Three guys push aside ivy-covered walls made of colorful stones, revealing the porch and front rooms of a house. Two people leap into the building, while another inspects a hulking staircase nearby. It’s the first few minutes of rehearsal for Nic Wehrwein’s play Back Home, and actors are swapping out pieces of the set. The play shares the stage with two other productions, all part of the 11th annual Words Afire Festival of New Plays, produced by UNM’s Department of Theatre and Dance.
Back Home is one of four new works premiering in Words Afire. Elaine Avila, head of UNM’s dramatic writing program and the artistic director of the festival, says she tries to create opportunities for writers that will match the work they’ll do in the professional world. Three dramatic writing graduate students in their third year, including Wehrwein, will see their plays fully produced in Rodey Theatre, while one second-year student’s play will receive a directed reading in Theatre X. Avila brings in top-notch directors who help the writers shape their plays and connect them to professional networks.
The playwrights have done multiple rewrites on their scripts, and all four had staged readings last fall. Wehrwein has worked on Back Home since August. “It’s essentially about a guy whose life’s falling apart,” he says. “He has to move back home with his mom and he figures out that life is never what you expect it to be.” The play explores serious topics, but it also has plenty of humorous moments, like an argument between the protagonist and his best friend over whether dibs can exist at 31. Director Shepard Sobel—founder of the Pearl Theatre in New York City—thinks Wehrwein’s writing will appeal to a broad audience. “A great play always has to be about some very specific people and circumstances,” he says, “or it won’t resonate to the other side of the metaphor.” But Back Home isn’t just about a guy who has to move in with his mom and re-examine his life. Sobel thinks it’s about anyone who’s stuck with assumptions about how the world works.
Words Afire deepened the relationship between Ricky J. Martinez, who is directing La Fea: a FlamenChoreoMyth, and Riti Sachdeva, who wrote it. Martinez, the artistic director of the New Theatre in Coral Gables, Fla., met Sachdeva when he was paired with her at the Kennedy Center American College Theater Festival two years ago. Sachdeva’s play Parts of Parts and Stitches premiered in Words Afire 2010, won the Kennedy Center’s Quest for Peace Award and sent her to Washington D.C. to work with Martinez.
Playwright Sachdeva calls Words Afire “invaluable” and fellow writer Escobar cites it as the reason she chose UNM for graduate school. But both say the benefits of the festival extend to the whole community.
“We quickly became strong advocates of each other and of each others’ theatrical visions,” Martinez says via email. “When the department here at UNM was searching for a guest director ... she recommended they try and get the one guy who probably would understand her FlamenChoreoMyth world the best.”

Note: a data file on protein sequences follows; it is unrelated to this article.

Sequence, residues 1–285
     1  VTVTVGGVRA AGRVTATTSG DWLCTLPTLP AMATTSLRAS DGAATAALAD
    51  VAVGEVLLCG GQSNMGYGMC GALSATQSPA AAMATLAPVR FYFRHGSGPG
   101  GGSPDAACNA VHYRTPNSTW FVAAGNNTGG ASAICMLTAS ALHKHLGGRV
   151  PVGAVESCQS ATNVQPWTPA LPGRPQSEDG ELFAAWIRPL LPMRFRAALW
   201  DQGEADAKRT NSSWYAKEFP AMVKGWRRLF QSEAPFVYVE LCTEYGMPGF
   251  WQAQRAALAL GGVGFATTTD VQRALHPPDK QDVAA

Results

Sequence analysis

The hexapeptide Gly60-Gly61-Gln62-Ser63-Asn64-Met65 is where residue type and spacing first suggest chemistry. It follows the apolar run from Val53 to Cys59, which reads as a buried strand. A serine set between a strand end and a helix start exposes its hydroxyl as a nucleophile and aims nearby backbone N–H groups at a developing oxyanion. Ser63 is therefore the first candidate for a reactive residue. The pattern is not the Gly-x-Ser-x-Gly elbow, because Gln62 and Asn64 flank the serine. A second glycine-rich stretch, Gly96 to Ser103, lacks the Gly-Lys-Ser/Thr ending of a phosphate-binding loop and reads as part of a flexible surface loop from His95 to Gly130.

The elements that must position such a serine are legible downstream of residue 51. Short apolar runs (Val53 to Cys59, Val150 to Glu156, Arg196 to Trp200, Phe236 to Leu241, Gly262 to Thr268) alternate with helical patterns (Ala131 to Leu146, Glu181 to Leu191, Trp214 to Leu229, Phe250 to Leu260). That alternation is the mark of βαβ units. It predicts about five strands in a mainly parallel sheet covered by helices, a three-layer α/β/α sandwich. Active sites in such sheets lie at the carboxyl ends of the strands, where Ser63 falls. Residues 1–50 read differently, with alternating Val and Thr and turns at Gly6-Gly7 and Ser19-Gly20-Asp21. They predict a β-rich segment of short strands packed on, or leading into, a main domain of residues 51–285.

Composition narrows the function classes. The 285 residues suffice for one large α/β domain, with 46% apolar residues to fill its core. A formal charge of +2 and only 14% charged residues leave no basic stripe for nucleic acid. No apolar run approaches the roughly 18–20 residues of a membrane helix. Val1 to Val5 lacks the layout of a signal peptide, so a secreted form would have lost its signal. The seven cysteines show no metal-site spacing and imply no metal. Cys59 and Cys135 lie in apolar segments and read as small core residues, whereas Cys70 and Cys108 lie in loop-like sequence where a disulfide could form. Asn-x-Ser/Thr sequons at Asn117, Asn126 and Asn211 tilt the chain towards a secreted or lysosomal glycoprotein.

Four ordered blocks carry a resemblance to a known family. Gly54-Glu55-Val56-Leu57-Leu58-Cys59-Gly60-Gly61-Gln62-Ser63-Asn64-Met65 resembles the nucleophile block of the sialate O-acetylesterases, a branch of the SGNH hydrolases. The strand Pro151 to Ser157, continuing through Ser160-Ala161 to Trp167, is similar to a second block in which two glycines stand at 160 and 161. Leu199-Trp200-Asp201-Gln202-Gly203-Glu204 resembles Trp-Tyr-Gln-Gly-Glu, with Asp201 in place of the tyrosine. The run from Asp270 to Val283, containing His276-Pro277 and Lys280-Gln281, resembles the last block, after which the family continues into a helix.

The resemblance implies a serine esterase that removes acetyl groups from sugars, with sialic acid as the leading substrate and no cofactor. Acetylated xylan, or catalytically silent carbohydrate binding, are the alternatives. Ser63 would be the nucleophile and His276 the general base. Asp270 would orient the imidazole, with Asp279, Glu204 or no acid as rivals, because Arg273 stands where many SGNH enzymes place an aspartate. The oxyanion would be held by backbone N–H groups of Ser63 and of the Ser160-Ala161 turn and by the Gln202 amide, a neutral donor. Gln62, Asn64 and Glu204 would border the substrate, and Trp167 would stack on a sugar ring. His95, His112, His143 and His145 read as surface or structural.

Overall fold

La Fea follows a young woman who tackles hardships, unearths secrets and discovers an ancient legacy of flamenco. Martinez has a background in flamenco performance and choreography. “He’s an excellent director and he’s also an excellent dramaturge,” Sachdeva says. “I’m learning a lot in terms of how to make [the play] clean, how to make it direct.”
Georgina Hernandez Escobar’s piece, The Ruin, came to her like pieces of a puzzle. The story is about two women, known as witches, who live in the jungle, as well as the archeologist who discovers them. “A windmill came to me in a dream,” Escobar shares by email. “I had another moment where I saw a girl by a waterfall cutting her hair. I figured there was a story there. I had no idea what the story was, so I explored the visual world and the feeling of that world and soon enough the characters came to life.”
Escobar—who won the Kennedy Center’s Theatre for Young Audiences Playwriting Award this year—also praises the process she’s had with her director, Acushla Bastible. “She has an incredible gift which is that she creates a work environment that is both demanding and inspiring. Everyone in the room wants to work, wants to play and create and discover.” Bastible is a multidisciplinary artist who works internationally. She is an artistic associate of The Santa Fe Opera and the artistic director of Lifesongs, a songwriting project that nurtures the work of marginalized populations.
The Story of Caballos Muertos, by Law Chavez, which will be presented as a staged reading, garnered him the Kennedy Center’s Latino playwriting award in 2011. In a reading, the focus is on the script and less on other theatrical elements, giving the playwright and audience the opportunity to intently listen to the story: a supernatural tale of two sisters’ rivalry and the dangers of obsession. Chavez’ play is directed by Tlaloc Rivas, an assistant professor of acting and directing at the University of Missouri-St. Louis and the co-founder of Chicano TheatreWorks in Santa Cruz, Calif.
Playwright Sachdeva calls Words Afire “invaluable” and fellow writer Escobar cites it as the reason she chose UNM for graduate school. But both say the benefits of the festival extend to the whole community. “It networks us outside of Albuquerque,” Sachdeva points out. Sachdeva’s director, Martinez, calls new work the heartbeat of a city. People are supporting the next artists coming up in the professional world, which propels the community upwards along with them. “Plus, you get to see the coolest, bravest happenings in your own hometown!” Martinez says. “That simply rocks.”